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Global Poverty

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Frank Dimmock

Frank Dimmock is the Catalyst in World Mission, responsible for networking U.S. Presbyterians with Global Partners to address the Root Causes of Poverty. Special attention is being given to the critical issues that affect Women and Children. The initial campaign of this initiative is: “Educate a Child, Transform the World: Quality Education for One Million Children by 2020.” The Poverty Blog will be a platform for sharing challenges, ideas, resources and opportunities, and work together in a community of mission practice to mitigate global poverty.

To learn more about the World Mission poverty critical global initiative and ways to support the campaign, visit our website or like our Facebook page.

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June 9, 2016

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May 4, 2016

Partners in Zimbabwe show strong commitment to education

Zimbabwe’s once formidable education system, which became one of Africa’s best in the decades following independence in 1980, has been hit hard by spending cuts and economic contractions in the 21st century. The Presbyterian Church (U.S.A.)’s global partners in Zimbabwe have a strong commitment to education as a mechanism for tackling poverty and enabling all Zimbabweans to know life in fullness. 

Soon after independence, the Harare Synod of the Church of Central Africa Presbyterian (CCAP) turned most of its schools over to the government, retaining only one, a primary school at Nyabira, as a ...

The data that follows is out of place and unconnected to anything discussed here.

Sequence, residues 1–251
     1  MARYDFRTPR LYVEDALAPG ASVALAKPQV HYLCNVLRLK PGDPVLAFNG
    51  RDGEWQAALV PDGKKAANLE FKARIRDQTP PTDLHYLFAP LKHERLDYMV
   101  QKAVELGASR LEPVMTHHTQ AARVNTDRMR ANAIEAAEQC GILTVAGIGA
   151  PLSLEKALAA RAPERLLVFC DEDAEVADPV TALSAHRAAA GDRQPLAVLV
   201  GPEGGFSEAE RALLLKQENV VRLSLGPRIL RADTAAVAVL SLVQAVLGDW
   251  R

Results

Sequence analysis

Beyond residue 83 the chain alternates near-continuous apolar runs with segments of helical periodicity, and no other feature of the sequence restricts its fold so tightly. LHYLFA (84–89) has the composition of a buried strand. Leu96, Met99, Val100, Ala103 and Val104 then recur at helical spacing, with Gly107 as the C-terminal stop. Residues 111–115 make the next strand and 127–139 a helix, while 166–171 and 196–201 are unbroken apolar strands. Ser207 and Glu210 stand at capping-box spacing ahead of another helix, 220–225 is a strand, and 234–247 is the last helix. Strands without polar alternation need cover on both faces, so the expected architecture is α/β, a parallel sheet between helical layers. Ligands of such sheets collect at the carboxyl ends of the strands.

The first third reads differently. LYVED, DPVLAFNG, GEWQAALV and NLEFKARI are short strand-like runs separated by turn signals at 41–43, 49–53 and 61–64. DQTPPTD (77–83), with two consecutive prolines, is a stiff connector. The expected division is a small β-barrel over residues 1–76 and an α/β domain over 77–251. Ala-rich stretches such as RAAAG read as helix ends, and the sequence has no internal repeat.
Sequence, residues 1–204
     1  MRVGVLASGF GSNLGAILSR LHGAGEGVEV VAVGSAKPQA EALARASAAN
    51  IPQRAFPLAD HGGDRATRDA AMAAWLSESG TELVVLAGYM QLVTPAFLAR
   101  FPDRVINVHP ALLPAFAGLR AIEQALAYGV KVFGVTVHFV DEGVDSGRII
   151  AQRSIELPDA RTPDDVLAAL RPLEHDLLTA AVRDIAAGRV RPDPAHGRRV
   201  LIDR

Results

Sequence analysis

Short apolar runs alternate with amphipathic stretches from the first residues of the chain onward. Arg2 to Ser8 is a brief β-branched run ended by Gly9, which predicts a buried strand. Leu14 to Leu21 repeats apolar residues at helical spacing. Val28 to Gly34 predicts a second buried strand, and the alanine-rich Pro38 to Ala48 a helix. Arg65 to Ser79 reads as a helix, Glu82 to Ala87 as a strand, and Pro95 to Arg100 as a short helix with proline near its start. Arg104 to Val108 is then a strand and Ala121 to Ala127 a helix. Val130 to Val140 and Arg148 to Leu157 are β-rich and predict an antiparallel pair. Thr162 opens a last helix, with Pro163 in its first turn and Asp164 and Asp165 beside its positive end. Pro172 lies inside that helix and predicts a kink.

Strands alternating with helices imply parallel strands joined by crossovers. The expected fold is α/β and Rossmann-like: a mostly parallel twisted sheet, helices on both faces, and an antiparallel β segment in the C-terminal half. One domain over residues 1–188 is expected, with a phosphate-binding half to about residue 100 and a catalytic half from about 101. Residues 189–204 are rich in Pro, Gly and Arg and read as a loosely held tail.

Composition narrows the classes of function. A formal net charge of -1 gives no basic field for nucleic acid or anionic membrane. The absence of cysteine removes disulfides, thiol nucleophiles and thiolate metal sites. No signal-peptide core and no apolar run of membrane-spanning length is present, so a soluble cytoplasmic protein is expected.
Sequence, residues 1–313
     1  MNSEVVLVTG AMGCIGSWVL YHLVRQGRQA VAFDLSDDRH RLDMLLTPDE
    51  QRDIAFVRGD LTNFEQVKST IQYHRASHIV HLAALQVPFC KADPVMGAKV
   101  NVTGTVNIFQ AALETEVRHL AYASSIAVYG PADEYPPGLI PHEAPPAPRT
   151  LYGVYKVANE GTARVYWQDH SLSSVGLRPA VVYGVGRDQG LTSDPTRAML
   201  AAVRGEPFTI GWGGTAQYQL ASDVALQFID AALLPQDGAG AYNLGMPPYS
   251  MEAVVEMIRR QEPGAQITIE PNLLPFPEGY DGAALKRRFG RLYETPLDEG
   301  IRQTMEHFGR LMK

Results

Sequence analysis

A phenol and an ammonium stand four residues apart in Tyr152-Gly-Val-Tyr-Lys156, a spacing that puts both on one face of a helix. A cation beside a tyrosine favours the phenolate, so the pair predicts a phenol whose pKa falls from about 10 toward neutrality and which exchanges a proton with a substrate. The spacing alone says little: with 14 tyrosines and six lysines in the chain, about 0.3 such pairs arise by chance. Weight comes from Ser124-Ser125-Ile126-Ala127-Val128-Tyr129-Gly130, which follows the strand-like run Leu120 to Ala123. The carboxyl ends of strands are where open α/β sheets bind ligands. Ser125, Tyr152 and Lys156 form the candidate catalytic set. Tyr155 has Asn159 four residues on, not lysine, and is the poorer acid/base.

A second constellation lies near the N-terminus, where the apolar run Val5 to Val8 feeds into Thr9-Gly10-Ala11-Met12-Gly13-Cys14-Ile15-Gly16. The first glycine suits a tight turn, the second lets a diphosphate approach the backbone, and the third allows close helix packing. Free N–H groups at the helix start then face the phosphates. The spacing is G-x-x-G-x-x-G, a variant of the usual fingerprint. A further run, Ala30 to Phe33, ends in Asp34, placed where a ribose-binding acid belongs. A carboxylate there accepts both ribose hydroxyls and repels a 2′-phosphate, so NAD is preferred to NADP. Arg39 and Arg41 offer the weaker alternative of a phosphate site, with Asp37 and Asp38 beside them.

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April 18, 2016

Bethel Evangelical Secondary School helps Ethiopian girls complete high school, overcome poverty

By guest blogger: Steve Stelle, mission co-worker in Ethiopia since 2013

One day, outside the gate of the Bethel Evangelical Secondary School (BESS) campus, people were digging and constructing a new concrete ditch for the road. Many of the workers were young women, between the ages of 15 to 19 years old. Amanuel Tesfaye, principal at BESS, said these girls either did not pass the 10th grade national exams and were not allowed to finish high school or they had dropped out of school because of personal problems. They worked for 40 birr a day (approximately $2 USD). These ...

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April 4, 2016

New education ministry tailored to meet needs of Syrian refugees

On April 7, I will travel to Lebanon and Syria to visit the National Evangelical Synod of Syria and Lebanon (NESSL) schools and meet with mission co-worker Scott Parker. 

Below is a recent Presbyterian News Service article written by Scott, which explains the importance of the new education ministry:



It is mid-winter in Lebanon’s Bekaa Valley, but it is the first month of school for 100 Syrian children. Although the surrounding villages are filled with plenty of school-age Syrian children playing and selling chewing gum in the streets, these kids are glad to be in the classroom ...

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February 26, 2016

One example of how education is helping transform lives in South Sudan

By guest blogger: Leisa Wagstaff, mission co-worker in South Sudan since 2013

Meet Simon. He is 14 years old with very long legs. His tallness is something that he has inherited from his people – the South Sudanese. He has also inherited a homeland that has seen more war than peace during his short life. Nothing has come easily for him and he has experienced many negative things. Several years ago, his family fled their native area of Pibor because of internal conflict between the Republic of South Sudan (RSS) government and the South Sudan Defense Army (SSDA) Cobra faction led ...

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